Cape Cod League Top 30 Prospects

Ranaudo, Springer stand out this summer

CHICAGO—The best opportunity to watch the top Cape Cod League prospects in action came not during the July 28 all-star game at Fenway Park, but rather a month earlier when the Brewster Whitecaps visited the Wareham Gatemen.

Brewster's Anthony Ranaudo and Wareham's Matt Barnes, the two best pitchers on the Cape, squared off on June 26. Barnes reached the mid-90s while striking out 14 over seven innings, but took the loss because he gave up a run in the fourth. Mixing a plus fastball and curveball, Ranaudo allowed just one hit in 6 2/3 scoreless innings in what became a 5-3 Whitecaps win.

Ranaudo struck out Wareham's George Springer, the league's top athlete and position prospect, three times in three at-bats. The lone hit Ranaudo surrendered was a fourth-inning double to Alex Dickerson, who batted .500/.553/.706 in nine games and fell six plate appearances shy of qualifying for this list.

All four players left the Cape before the all-star game, Ranaudo after he had successfully boosted his stock on the heels of a disappointing spring and the others to join Team USA. League managers and pro scouts alike felt that the Cape didn't have its usual high caliber of starting pitching, as many of the top arms went to Team USA (Gerrit Cole, Sonny Gray) or took the summer off (Matt Purke, Taylor Jungmann).

1. Anthony Ranaudo, rhp, Brewster (SIGNED: Red Sox).

Ranaudo entered the year as the top pitching prospect for the 2010 draft. Then he came down with a stress reaction in his elbow after his first start, missed a month and struggled with his command and mechanics when he returned. He went 5-3, 7.32 for Louisiana State and slipped to the 39th overall pick.

Ranaudo joined Brewster in hopes of getting back on track and did exactly that, allowing no earned runs in 30 innings over five starts. The 6-foot-7, 230-pounder operated at 92-94 mph with his fastball and worked down in the zone with his heater and curveball, a plus pitch at times. He signed with the Red Sox for $2.55 million at the signing deadline.

"In his last start, he was easily the best pitcher I saw on the Cape," an American League scouting director said. "He was up to 95, sitting at 94-95 in the sixth inning, and he stayed on top of his curveball. It was as good as he's ever been."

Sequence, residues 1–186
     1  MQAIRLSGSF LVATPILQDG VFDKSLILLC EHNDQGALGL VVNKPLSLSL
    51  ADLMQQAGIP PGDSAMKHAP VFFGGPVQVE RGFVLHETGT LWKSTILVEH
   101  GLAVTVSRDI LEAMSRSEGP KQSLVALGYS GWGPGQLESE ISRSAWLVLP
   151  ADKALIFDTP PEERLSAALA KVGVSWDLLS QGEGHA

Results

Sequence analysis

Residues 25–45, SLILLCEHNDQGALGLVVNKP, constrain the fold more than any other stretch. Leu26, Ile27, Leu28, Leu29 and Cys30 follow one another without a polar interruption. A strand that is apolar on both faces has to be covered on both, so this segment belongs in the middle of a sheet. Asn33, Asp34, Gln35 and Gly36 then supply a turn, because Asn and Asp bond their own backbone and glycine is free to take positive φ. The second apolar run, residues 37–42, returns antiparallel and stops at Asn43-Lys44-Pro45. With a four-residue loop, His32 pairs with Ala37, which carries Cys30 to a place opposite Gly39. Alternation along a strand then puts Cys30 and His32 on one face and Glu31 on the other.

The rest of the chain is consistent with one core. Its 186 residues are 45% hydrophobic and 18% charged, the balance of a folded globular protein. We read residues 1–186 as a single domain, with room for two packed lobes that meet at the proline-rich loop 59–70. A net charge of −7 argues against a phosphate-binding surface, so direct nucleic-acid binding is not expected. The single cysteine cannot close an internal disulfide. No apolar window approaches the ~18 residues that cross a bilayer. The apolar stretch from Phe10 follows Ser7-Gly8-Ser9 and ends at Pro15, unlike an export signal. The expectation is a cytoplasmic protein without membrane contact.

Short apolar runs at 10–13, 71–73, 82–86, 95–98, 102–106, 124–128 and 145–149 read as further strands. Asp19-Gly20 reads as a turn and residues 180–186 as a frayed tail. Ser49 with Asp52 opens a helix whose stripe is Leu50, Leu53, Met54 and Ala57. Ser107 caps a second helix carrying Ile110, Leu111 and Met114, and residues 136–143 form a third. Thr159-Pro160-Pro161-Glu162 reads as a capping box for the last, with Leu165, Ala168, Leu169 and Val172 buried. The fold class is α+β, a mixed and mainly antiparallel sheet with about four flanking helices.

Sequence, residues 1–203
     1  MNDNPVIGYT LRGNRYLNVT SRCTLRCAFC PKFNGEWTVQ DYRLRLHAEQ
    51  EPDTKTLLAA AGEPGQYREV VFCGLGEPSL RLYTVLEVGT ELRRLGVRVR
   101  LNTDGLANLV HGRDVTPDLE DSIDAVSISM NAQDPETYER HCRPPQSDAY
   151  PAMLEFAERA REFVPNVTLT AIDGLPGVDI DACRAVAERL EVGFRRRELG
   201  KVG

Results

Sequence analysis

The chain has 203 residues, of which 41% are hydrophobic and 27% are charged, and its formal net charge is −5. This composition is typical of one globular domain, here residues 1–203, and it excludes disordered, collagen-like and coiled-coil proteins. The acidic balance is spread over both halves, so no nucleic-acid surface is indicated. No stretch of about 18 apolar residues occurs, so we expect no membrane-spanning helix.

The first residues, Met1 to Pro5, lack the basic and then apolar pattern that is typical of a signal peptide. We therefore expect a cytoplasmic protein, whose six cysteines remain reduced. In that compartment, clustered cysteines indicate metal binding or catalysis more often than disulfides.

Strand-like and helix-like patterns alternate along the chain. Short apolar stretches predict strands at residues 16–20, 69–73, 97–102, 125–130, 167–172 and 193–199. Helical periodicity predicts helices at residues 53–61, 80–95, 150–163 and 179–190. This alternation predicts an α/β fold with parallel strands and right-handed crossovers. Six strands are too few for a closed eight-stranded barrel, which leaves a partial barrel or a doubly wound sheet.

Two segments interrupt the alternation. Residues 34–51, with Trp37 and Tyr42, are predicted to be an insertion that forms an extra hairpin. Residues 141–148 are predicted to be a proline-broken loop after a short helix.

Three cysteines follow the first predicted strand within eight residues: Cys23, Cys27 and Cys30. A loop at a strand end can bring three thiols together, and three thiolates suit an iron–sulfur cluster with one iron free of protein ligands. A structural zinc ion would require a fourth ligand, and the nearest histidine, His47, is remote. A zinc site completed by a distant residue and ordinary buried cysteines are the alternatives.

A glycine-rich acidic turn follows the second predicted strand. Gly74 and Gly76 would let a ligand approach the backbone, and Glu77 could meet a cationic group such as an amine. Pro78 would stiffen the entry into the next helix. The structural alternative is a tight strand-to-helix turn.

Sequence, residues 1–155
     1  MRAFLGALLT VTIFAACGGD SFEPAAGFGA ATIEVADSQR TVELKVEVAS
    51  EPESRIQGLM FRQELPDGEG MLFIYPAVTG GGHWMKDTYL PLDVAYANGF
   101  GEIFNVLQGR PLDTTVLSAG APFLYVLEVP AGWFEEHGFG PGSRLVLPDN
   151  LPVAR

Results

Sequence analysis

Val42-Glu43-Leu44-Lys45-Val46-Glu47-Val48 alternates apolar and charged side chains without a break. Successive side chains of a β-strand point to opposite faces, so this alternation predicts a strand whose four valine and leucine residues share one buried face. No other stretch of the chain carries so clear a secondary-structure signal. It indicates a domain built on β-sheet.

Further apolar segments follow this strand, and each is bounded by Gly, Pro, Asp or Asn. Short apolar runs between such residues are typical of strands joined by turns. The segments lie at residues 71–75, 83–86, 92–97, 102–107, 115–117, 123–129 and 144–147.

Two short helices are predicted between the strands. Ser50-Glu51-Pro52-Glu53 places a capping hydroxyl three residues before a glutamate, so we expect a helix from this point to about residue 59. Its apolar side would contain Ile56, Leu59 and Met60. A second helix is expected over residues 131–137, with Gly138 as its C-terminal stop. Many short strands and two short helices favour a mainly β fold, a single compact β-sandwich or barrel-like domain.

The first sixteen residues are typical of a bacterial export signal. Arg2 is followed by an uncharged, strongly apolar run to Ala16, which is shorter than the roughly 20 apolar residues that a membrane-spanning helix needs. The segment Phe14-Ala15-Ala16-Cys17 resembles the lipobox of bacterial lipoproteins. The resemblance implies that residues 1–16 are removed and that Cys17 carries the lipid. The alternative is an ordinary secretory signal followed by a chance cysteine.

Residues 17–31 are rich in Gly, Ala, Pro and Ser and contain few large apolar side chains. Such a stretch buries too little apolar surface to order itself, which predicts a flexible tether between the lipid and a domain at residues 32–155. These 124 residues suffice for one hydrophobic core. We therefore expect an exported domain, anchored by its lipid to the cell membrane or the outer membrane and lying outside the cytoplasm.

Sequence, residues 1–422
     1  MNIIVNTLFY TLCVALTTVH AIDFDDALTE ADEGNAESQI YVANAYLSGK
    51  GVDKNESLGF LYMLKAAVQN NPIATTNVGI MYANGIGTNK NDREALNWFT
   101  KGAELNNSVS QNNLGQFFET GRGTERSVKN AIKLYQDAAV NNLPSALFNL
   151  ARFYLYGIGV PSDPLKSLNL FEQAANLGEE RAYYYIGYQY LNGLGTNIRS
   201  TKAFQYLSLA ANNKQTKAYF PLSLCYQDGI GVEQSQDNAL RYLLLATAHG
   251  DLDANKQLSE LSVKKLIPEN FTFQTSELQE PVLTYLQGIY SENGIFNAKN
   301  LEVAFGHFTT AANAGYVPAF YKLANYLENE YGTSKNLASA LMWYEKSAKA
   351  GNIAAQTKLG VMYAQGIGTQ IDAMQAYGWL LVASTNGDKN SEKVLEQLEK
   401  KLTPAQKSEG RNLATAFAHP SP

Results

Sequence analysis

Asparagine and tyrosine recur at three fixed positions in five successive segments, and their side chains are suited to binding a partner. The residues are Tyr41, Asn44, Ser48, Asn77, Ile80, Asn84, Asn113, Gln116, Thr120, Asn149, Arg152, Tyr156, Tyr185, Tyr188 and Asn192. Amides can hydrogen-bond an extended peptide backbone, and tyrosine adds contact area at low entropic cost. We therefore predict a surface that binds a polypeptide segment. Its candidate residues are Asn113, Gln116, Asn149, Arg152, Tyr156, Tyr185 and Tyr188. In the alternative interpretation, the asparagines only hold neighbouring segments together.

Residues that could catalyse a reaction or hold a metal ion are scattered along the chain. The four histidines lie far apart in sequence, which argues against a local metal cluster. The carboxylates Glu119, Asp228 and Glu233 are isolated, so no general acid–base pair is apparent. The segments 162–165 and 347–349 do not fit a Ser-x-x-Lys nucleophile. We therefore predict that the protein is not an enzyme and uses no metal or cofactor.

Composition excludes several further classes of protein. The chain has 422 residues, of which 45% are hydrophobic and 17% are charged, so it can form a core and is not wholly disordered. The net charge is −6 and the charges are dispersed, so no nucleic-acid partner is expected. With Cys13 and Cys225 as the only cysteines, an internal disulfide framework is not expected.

2. George Springer, of, Wareham (Jr., Connecticut)

Harwich outfielder Brian Goodwin was the only player who could challenge Springer for having the best tools in the league. Springer, No. 27 on this list a year ago, is a year more experienced and has more polish.

Six-foot-3 and 200 pounds, Springer generates explosive bat speed with his ultra-quick hands and wrists. His speed and arm are easy plus tools, and he's a fine defender in center field. He'll need to make some adjustments in pro ball, because his swing gets long and he often gets caught out in front on offspeed pitches, but his upside is undeniable.

"He was the most live, athletic player I saw on the Cape," a National League scouting director said. "There's too much swing and miss to him, and sometimes his swing gets big, but he has life in his bat, has power, he can throw, he can run and he has a chance to stay in center field."

3. Matt Barnes, rhp, Wareham (Jr., Connecticut).

Barnes showed arm strength but not much else in his first Cape stint last year. The 6-foot-4, 203-pounder was a more complete package in his encore, with more velocity on his fastball and a more reliable curveball and changeup. His secondary pitches, command and mechanics all need more work, but his performance with Wareham and Team USA put him in the mix to be an early first-round pick in 2011.

"He was 90-92 as a freshman here, but he was inconsistent," Wareham manager Cooper Farris said. "This summer, he was 94-95 every fastball, and it was real easy. He's dominant when his curveball and changeup are on."

4. Jed Bradley, lhp, Wareham (Jr., Georgia Tech).

Bradley tied for the league strikeout lead (44 in 44 innings) despite not pitching in the final two weeks and going home after the all-star game. The 6-foot-3, 203-pounder stood out as the best lefthander on the Cape, commanding three pitches with ease. His fastball sits at 88-92 mph and peaks at 95, and he backs it up with a hard-80s slider and an effective changeup.

"He threw three pitches for strikes and I thought he was the most advanced pitcher there," the AL scouting director said. "He has the type of body you want to buy into as a pitcher."

5. Andrew Susac, c, Falmouth (So., Oregon State).